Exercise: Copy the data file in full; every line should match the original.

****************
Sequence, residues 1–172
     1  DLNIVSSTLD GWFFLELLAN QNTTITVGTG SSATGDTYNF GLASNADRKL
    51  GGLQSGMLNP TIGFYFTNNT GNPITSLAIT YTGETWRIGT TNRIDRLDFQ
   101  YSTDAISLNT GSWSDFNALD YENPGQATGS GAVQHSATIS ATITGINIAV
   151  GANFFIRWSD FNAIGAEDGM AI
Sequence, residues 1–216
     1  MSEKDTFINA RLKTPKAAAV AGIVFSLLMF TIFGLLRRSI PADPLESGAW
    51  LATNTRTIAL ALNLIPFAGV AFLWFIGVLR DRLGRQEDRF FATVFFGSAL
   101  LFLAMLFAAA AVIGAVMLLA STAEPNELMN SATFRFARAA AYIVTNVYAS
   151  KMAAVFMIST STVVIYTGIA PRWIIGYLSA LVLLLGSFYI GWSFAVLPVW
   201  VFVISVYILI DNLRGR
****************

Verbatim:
Sequence, residues 1–172
     1  DLNIVSSTLD GWFFLELLAN QNTTITVGTG SSATGDTYNF GLASNADRKL
    51  GGLQSGMLNP TIGFYFTNNT GNPITSLAIT YTGETWRIGT TNRIDRLDFQ
   101  YSTDAISLNT GSWSDFNALD YENPGQATGS GAVQHSATIS ATITGINIAV
   151  GANFFIRWSD FNAIGAEDGM AI
Sequence, residues 1–216
     1  MSEKDTFINA RLKTPKAAAV AGIVFSLLMF TIFGLLRRSI PADPLESGAW
    51  LATNTRTIAL ALNLIPFAGV AFLWFIGVLR DRLGRQEDRF FATVFFGSAL
   101  LFLAMLFAAA AVIGAVMLLA STAEPNELMN SATFRFARAA AYIVTNVYAS
   151  KMAAVFMIST STVVIYTGIA PRWIIGYLSA LVLLLGSFYI GWSFAVLPVW
   201  VFVISVYILI DNLRGR